IN PHOTOS: Pamulak sa Kadayawan 2016
Despite the scorching heat, thousands still came to witness the Pamulak sa Kadayawan, the floral float parade now on its 31st year, last Sunday, August 21.
“It is amazing,” said 18-year-old Raul, a Brazilian-Japanese who came just to see the grand spectacle of Davao’s fruits, flowers, and icons paraded in the major thoroughfares of the city. “I have never seen like this before in my life.”
His companion, Nicolas, said that the parade has completely changed. “I was still a little kid when I first saw it,” he pointed out. “And I just came because I am accompanying my friend who wanted to see it.”
This year’s floral float parade, which is patterned after the Rose Parade that is held in Pasadena, California each year, started with the grand entrance of the winners of Hiyas ng Kadayawan.
Twenty-two-year old Inna Maristela Cassandra Garcia, of the Bagobo K’lata tribe, headed the parade. The Business Administration majoring in Marketing Management student was also named “Hiyas ng Kulturang Lumadnon” in the cultural presentation.
Also with her were the other finalists and contenders. The two other finalists were Rachel Caputol of the Bagobo-Tagabaw tribe who was named “Hiyas sa Tingusbawan” and Mosrifa Hadji Sohair of Maranao tribe, the “Hiyas sa Kauswagan.”
The parade showcased Davao’s vibrant beauty and festivity. As part of the floats, fruits were included. You see durian, mangosteen, marang, lanzones, banana, rambutan, pineapple, and pomelo finely arranged which made the floats more attractive. Some vegetables like sayote, string beans, eggplants, sweet peppers, and carrots added more colors.
But the flowers – of various kinds, sizes and colors – were the most eye-catching. Among those that extensively used were orchids, chrysanthemums, anthuriums and daises.
Davao City’s major icons also figured prominently as motifs of the floats. The Philippine Eagle stood out. Orchids (sort of a replica of waling-waling) and durian can also be seen hovering over some floats.
There were two types of floats: traditional and conventional. Traditional floats are those being financed by malls, big corporations and well-known entities. Entries from small businesses, districts and organizations fall under the conventional floats.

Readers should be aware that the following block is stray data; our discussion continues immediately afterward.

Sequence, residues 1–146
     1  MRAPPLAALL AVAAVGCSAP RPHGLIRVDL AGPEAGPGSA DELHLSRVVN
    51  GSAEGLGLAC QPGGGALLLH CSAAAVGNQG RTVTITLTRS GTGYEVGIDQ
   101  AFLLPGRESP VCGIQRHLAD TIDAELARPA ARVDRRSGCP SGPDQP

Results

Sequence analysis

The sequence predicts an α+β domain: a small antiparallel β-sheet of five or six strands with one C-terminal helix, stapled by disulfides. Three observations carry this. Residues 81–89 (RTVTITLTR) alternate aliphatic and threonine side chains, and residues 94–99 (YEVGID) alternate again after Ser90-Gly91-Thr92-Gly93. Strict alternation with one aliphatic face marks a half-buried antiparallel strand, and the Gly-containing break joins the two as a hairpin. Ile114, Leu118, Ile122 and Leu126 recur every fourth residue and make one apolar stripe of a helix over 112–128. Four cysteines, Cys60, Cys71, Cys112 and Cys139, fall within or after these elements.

While watching the exquisite parade of floral floats, the famous words in the novel Sleeping Beauty come to mind: “Mirror, mirror on the wall, who is the fairest of them all?”
Now for the winners:
- Kisan Lu, a previous winner, got the Grand Prize again in the traditional category, winning P500,000. The company previously won the same distinction in 2013 and 2015.
- NCCC Mall, which was also a previous winner in the past, staged a comeback but settled for second place, getting a cash prize of P300,000
- The International Pharmaceuticals, Inc. was named third prize winner and received a cash prize of P150,000.
- The consolation prize of P50,000 each went to IQOR and Jimm’s Coffee.
- In the alternative category, the grand winner – taking a cash prize of P150,000 -- was EGS-An Alorica Company.
- Mats College of Technology got second place and the cash prize of P100,000.
- The Philippine Daily Inquirer won the third place thereby getting the cash prize of P75,000.
- The consolation prize of P30,000 each went to Barangay Kapitan Tomas Monterverde and Phil-Seven Corporation.
“Pamulak sa Kadayawan” is the grand finale of every Kadayawan celebration. – Rappler.com
Henrylito D. Tacio is an award-winning journalist based in the southern part of the Philippines. He specializes on reporting science, environment, medicine, agriculture, and travel features